To start a mead making business

It has been awhile since I penned something, so it is fair to write on my primary activity of last year in this brand new year. However, I will state my disclaimer here as this post is a self-serving one. Last summer, Simon, whom I know since university, invited me to his place to try out his home-brewed mead samples. Some were simple quaff, and others were delicious. The tasting session then turned into his blunt confession of going into alcohol making business, which he did. In Singapore, seriously?

It is possible to make wines and mead in Singapore, but three crucial questions need answers. First, does one have a suitable place? Second, how to get appropriate ingredients? Third, who are the regulators involved?

Location, location, location?

Land-scarcity affects both rental cost and availability. At the point of sourcing, Simon had only the options of Admiralty and Tuas. He settled for the Tuas option, a factory designed for food-processing businesses where existing tenants include several big brands’ central kitchens. The process of finding a location seems rudimentary. Still, there are many things to consider. For instance, washing area, potable water, and most importantly, are there any neighbours dealing with heavy machinery or chemical next door.

How is mead different from wine?

Wine comes from fruit juice; mead comes from honey. Since our local agriculture industry is next to non-existent, so we need to import everything. Grape juice oxidises readily during importation and prone to damage by temperature fluctuation. Costly temperature-controlled containers are necessary, and even so, there is no guarantee the must or fruits will remain fresh in our tropical climate.
In simple term, it is difficult to handle wines, but even more difficult with grape juice
Presently, Simon sources honey from Brazil that has less than 20 percent moisture, with most of the remaining being fermentable sugar. The high sugar content acts as a stabiliser; high enough to prevent naturally present microbes from spoiling it. Furthermore, honey does not oxidise as quickly as grape juice does.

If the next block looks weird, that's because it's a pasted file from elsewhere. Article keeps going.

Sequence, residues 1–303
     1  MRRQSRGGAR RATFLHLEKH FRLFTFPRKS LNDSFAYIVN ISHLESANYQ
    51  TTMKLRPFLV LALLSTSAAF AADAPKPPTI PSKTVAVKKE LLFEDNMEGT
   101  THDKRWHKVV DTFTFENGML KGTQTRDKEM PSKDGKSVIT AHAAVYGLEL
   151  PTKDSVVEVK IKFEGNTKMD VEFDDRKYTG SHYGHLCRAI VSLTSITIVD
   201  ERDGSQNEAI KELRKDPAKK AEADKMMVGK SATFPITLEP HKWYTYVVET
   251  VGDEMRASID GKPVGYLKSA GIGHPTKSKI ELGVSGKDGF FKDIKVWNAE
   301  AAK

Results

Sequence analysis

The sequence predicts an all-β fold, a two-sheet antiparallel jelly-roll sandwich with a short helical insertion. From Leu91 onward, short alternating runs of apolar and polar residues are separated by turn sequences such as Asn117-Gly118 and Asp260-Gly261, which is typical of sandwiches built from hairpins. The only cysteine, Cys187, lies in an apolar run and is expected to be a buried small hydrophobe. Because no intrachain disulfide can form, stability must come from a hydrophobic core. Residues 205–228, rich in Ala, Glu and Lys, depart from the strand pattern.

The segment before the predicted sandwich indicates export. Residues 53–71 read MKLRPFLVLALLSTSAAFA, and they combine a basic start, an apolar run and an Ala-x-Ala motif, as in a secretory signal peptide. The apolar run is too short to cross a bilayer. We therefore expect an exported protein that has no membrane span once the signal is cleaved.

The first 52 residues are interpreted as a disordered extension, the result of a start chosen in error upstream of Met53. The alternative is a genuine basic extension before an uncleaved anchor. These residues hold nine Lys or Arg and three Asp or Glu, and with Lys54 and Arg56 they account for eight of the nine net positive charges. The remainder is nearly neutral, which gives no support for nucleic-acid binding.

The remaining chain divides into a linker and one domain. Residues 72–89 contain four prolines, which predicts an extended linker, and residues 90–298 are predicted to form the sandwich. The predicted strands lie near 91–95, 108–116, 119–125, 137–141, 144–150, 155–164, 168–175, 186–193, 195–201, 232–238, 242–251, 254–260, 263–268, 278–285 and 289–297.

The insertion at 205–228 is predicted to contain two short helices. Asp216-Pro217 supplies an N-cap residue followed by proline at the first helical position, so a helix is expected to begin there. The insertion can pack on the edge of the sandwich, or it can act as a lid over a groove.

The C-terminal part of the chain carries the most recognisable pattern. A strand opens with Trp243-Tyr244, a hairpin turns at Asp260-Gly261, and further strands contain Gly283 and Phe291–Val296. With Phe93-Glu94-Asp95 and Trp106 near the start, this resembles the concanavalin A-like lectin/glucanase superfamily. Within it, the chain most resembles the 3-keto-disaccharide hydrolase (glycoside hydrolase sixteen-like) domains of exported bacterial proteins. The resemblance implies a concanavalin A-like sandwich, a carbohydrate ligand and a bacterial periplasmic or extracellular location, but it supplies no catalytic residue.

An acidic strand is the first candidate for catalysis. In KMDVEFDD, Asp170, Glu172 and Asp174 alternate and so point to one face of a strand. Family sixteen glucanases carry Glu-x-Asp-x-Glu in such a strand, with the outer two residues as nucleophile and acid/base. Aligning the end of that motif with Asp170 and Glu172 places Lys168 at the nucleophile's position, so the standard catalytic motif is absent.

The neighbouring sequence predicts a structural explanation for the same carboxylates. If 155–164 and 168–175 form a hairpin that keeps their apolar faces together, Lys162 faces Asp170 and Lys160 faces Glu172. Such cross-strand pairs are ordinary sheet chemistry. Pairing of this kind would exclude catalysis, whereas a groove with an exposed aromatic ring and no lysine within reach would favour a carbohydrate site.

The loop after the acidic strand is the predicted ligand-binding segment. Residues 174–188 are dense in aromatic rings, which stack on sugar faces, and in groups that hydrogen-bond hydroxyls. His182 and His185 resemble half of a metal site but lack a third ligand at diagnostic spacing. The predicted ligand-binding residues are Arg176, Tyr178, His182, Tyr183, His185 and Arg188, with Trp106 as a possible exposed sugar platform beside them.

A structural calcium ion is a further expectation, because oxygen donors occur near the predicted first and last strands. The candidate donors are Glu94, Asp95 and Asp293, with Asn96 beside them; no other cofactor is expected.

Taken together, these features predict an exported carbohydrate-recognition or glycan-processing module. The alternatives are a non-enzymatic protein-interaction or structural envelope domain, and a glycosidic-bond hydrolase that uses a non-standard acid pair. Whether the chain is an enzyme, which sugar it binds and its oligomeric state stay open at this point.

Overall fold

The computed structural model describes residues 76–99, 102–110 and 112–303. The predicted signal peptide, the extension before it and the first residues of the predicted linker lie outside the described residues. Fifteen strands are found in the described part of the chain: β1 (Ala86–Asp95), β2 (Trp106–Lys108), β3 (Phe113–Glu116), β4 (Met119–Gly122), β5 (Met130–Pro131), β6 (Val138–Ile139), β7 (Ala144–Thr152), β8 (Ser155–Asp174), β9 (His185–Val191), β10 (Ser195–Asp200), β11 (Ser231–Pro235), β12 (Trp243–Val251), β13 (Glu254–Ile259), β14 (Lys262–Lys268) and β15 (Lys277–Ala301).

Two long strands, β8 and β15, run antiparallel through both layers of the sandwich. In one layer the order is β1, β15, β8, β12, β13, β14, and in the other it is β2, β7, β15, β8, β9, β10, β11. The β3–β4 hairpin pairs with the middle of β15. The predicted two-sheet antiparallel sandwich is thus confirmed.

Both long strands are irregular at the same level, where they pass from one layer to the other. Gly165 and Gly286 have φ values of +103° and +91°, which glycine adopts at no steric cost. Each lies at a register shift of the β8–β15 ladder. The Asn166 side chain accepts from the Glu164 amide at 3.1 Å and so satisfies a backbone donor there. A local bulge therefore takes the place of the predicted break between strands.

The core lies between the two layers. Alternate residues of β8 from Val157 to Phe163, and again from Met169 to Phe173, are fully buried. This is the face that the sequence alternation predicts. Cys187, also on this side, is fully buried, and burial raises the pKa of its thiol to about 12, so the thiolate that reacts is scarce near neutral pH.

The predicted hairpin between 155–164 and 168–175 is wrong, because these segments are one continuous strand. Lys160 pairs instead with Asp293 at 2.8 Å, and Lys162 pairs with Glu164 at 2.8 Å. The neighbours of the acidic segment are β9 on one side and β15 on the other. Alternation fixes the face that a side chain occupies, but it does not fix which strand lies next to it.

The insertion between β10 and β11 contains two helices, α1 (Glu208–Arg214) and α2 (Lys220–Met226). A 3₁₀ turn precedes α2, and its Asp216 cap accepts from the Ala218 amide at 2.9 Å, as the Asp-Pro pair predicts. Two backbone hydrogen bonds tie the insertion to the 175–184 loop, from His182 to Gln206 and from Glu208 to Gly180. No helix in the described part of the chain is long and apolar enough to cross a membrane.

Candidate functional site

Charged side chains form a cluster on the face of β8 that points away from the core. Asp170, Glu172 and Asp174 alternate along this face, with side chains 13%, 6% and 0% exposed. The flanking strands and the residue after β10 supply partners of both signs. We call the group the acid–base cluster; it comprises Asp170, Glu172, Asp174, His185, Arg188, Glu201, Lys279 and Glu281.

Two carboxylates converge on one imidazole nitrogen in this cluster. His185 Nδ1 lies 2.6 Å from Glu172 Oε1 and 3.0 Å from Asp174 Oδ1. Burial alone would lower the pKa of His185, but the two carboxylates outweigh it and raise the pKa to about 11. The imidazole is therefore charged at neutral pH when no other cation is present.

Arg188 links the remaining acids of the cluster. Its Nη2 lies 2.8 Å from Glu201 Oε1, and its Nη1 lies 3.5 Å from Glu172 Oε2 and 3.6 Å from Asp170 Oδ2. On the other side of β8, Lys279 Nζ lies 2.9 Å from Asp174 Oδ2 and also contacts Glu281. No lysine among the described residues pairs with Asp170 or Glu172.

During fermentation, adding water will rehydrate and lower the sugar content to a level suitable to start yeast activity. Which means, making a 100-litre mead will not require 100-litre of raw ingredient, and consequently reduced shipping cost and still achieve a high quantity production.
But, is there honey from neighbouring countries? There are several honey-producers in the region, and we even have beekeepers in Singapore. However, as a startup that needs commercial success, it is necessary to import from a supplier that can provide a substantial quantity of consistent quality. Secondly, the taste profile is tried and proven to be suitable for the recipes he has in mind. Given that honey production is dependent on many factors including weather changes, bees, urbanisation of space, Simon has to seek other sources to ensure a reliable supply in the future.


Most people are aware there is some form of alcohol tax imposed by the government, a topic that I have written before. In Singapore, businesses involved in dutiable goods (e.g. tobacco, alcohol, petrol) can apply to the Excise Factory Scheme. Under this scheme, the licensee will enjoy tax-free status until the products are ready for market. However, the license to produce liquor will cost the business S$28,000 annually. This fee is a stark contrast to the craft-beer industry where microbreweries pay S$8,400 a year. The alcohol excise tax and Goods and Services Tax remain payable when the product is bottled and ready for delivery.
Beside Customs, there are also other agencies like the Agri-Food & Veterinary Authority of Singapore (AVA) which issues the food-processing license. Fortunately, both bureaus are very helpful to businesses and often advise the necessary documents needed to meet the legislative requirements.

My part in this

As I mentioned in the article opening, this is a self-serving post, because I am partly in the business. Providing second opinions on packaging, tasting on what are possible flavours for the market, linking up with potential business contacts, and co-hosting tasting sessions.
In fact, I think every tasting session we host at Rachelle The Rabbit Meadery is like the Mad Tea-Party. Simon is the Mad Hatter, and I must be the March Hare. We are both mad.

About the author

Picture of Chan Wai Xin

Chan Wai Xin

Singapore based. University lecturer, wine educator, wine writer. Systematic, analytic, and at times pedantic. Mostly irreverent.

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